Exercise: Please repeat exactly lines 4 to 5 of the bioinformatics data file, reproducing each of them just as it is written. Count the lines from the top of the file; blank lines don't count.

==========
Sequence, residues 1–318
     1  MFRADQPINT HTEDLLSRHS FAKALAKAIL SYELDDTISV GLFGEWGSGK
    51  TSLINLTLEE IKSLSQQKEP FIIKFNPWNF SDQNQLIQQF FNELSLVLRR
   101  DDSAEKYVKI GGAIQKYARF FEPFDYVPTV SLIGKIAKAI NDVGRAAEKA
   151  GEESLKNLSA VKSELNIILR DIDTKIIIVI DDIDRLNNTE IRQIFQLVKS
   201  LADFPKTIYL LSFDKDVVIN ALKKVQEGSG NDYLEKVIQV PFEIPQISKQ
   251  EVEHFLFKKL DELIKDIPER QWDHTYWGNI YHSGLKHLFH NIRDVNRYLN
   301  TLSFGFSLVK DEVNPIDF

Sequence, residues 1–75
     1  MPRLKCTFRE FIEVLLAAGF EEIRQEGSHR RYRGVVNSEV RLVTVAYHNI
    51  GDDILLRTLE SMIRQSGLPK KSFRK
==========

   101  DDSAEKYVKI GGAIQKYARF FEPFDYVPTV SLIGKIAKAI NDVGRAAEKA
   151  GEESLKNLSA VKSELNIILR DIDTKIIIVI DDIDRLNNTE IRQIFQLVKS